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Clone Funds Attract Canadian Investors


Toronto - The Canadian fund industry's hottest new product trend will make it easier for foreign-owned firms to compete in Canada, a senior fund executive told the annual conference of the Investment Funds Institute of Canada.

Joe Canavan, president of Synergy Asset Management, was referring to clone funds which rely on customized derivatives contracts to mirror the performance of actively-managed foreign funds. Introduced in May by Mackenzie Financial of Toronto, there are no limits on the use of clone funds in registered retirement savings plans.

The clones have been an instant hit with Canadians who have staged an investing revolt against lagging returns in their domestic market and federal tax laws that restrict holdings of foreign assets to no more than 20 percent of the book value of registered retirement savings and other registered pension plans.

Mackenzie's first two clones alone have gathered more than $1 billion (Canadian) in assets in their first several months since inception, and others are scrambling to get in on the cloning craze. As of early October, more than a dozen companies had launched their own clones, or were nearing final regulatory approval.

The arrival of fund clones represents "a significant change in the business," said Canavan of Synergy, one of five panelists speaking on the future of fund distribution in Canada at the conference last month.

"It gives leverage to those who are outside Canada," he said.

Since the clones come close to matching the returns of the foreign funds to which they are linked, Canadian investors will be inclined to substantially boost their foreign exposure, and that this will be largely to the benefit of foreign firms, Canavan said.

Among the firms that Canavan predicted would be winners are Merrill Lynch Canada of Toronto, AIM Funds Management, Fidelity Investments Canada and Templeton Management, all of Toronto. These foreign-owned firms are among the first to develop clone funds for the Canadian market to build on sales of their existing foreign funds.

Canavan's vision of a Canadian industry polarized between world-class giants and innovative boutique firms, such as his own, clashed with that of a top executive of one of the country's largest domestically-owned firms.

"I personally don't think the middle ground is a bad place to be," said James Hunter, president of Mackenzie Financial, the third largest fund firm in Canada.

Hunter said the Canadian market is driven by adviser-sold funds, and despite the proliferation of electronic trading and information services, the advice channel continues to grow.

"The Internet increasingly will be a boon to financial advisers," said Hunter, citing the greater efficiencies and cost savings possible through on-line communications.

Ted Cadsby, president and CEO of CIBC Securities, a subsidiary of Canadian Imperial Bank of Commerce of Toronto, concurred that Canadians place a far greater emphasis on financial advice when buying mutual funds.

"It's a different world here than in the U.S.," said Cadsby. "Canadians don't like to buy direct." For that reason, Cadsby believes that even a global direct-sales giant like Vanguard would need a distribution partner in Canada.

To meet the demand for advice from their massive customer bases, CIBC and other banks have made a huge effort to expand their sales forces, upgrade their qualifications and introduce compensation schemes that reward higher productivity, said Cadsby.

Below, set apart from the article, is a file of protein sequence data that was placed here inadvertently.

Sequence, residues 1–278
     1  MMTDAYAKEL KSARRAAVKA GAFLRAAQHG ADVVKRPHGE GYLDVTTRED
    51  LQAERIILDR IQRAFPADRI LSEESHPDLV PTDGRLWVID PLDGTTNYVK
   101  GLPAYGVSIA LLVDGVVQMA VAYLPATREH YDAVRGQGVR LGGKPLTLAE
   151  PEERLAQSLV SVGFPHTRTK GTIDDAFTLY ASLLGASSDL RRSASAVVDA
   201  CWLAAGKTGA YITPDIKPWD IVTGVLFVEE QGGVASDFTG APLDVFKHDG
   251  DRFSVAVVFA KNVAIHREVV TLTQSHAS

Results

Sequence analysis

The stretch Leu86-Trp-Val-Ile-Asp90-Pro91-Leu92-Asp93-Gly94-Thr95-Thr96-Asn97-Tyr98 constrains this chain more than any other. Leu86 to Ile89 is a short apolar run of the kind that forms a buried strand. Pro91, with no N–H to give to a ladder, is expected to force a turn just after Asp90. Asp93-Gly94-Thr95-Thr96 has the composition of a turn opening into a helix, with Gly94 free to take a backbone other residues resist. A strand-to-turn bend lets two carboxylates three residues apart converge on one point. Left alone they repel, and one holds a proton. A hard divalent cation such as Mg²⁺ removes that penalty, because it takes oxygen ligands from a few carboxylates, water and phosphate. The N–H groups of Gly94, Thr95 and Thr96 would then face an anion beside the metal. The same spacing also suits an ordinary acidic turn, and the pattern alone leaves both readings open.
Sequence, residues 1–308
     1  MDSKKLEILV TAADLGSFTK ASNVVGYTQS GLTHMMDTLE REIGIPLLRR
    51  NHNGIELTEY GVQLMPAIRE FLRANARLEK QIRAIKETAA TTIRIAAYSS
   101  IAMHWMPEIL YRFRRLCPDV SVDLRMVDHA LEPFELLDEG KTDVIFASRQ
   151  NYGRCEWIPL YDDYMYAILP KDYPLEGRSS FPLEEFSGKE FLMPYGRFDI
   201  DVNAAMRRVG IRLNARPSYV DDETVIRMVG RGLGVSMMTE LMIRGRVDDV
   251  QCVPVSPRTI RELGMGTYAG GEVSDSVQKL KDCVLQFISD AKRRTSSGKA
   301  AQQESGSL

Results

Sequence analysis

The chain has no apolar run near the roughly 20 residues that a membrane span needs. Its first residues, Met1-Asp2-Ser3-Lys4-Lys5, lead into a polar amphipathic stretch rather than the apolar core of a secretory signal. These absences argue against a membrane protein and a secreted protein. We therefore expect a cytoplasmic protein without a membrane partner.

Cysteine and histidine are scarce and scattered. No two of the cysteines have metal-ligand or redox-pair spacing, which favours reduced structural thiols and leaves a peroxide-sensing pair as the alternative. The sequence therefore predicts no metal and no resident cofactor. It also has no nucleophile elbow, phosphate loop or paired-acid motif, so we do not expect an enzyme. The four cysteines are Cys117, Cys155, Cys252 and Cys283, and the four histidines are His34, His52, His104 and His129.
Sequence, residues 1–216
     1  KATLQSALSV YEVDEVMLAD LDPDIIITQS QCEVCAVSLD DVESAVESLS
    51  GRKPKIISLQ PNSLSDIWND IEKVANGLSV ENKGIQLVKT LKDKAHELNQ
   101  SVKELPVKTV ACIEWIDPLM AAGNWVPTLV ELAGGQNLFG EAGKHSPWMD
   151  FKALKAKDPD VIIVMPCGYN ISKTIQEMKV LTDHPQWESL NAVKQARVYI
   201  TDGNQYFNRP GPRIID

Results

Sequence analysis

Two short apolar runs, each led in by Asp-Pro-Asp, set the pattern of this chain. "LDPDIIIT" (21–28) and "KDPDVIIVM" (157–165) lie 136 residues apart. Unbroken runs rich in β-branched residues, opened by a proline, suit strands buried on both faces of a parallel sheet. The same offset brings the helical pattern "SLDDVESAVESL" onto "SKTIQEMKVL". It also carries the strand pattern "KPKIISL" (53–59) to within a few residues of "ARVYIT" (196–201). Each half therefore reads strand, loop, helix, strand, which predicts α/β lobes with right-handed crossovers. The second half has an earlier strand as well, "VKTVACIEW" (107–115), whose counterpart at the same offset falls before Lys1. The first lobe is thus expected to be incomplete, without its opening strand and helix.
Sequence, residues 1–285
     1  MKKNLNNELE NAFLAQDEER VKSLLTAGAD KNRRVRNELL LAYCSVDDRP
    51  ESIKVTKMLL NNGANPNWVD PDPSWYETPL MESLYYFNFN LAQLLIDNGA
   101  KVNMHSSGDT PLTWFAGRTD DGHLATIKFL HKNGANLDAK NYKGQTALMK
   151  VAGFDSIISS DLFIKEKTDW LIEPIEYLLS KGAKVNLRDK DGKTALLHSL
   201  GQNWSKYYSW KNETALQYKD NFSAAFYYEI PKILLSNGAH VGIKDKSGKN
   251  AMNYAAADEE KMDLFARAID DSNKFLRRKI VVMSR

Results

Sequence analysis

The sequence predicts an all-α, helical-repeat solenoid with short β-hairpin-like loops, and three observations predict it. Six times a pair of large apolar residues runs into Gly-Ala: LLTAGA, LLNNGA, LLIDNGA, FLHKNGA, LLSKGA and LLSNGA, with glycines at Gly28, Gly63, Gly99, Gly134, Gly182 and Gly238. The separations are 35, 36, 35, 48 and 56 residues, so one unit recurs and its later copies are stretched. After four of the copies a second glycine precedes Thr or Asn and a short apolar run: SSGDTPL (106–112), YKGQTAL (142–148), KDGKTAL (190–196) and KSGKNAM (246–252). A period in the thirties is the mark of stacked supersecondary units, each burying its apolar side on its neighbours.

"The banks are slowly evolving to a system that can compete more effectively with independent brokers and planners," said Cadsby.

Several banks, including CIBC, Bank of Nova Scotia of Toronto and Toronto Dominion Bank of Toronto, have diversified their offerings into third-party funds, he said. (Historically in Canada, bank branches have offered only their house brand of no-load funds.)

Cadsby, who recently wrote a book on index funds, also said that indexing is another product trend with significant growth potential. He estimated that index funds have accounted for about 18 percent of sales of equity funds in Canada so far this year, well below the estimated level of 50 percent in the U.S.

But the CIBC executive said that, because the direct sales market accounts for nowhere near as large a proportion of the market in Canada as it does in the U.S., the level of penetration of index funds probably will never be as high as in the U.S.

Disagreeing with some of his fellow panelists, Paul Bates, president of Charles Schwab Canada, said the use of technology - not whether or not a company offers advice - will determine how well money management firms are able to compete.

"It's not about discount brokers versus full service any more," said Bates. "It's about technology-enabled intermediaries versus non-technologically enabled intermediaries."

Evidence of that trend, according to Bates, is his firm's ability to offer various levels of fees within a single account, depending on the advice, service and order method that a client chooses for a particular transaction. This allows the brokerage to customize its account structures for each of its customers.

Bates said a similar trend toward customization will evolve among mutual fund sponsors and he predicted "the end of the fund industry as we know it."

"It's going to be replaced quickly by the personal fund industry," said Bates. "The business of a family of funds is out the window."

Citing the need for large investments in technology and marketing, Bates, agreeing with Canavan, said the industry will become polarized between giant firms and niche players.